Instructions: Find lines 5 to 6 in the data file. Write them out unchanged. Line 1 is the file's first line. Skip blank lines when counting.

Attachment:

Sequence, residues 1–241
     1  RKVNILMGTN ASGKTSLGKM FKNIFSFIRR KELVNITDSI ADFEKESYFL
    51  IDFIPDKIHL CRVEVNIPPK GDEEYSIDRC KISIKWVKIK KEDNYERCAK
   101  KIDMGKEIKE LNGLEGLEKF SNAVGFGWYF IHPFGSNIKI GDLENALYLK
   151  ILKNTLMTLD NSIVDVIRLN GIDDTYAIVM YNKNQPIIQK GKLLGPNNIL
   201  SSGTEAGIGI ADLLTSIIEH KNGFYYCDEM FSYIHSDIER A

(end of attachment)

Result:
   151  ILKNTLMTLD NSIVDVIRLN GIDDTYAIVM YNKNQPIIQK GKLLGPNNIL
   201  SSGTEAGIGI ADLLTSIIEH KNGFYYCDEM FSYIHSDIER A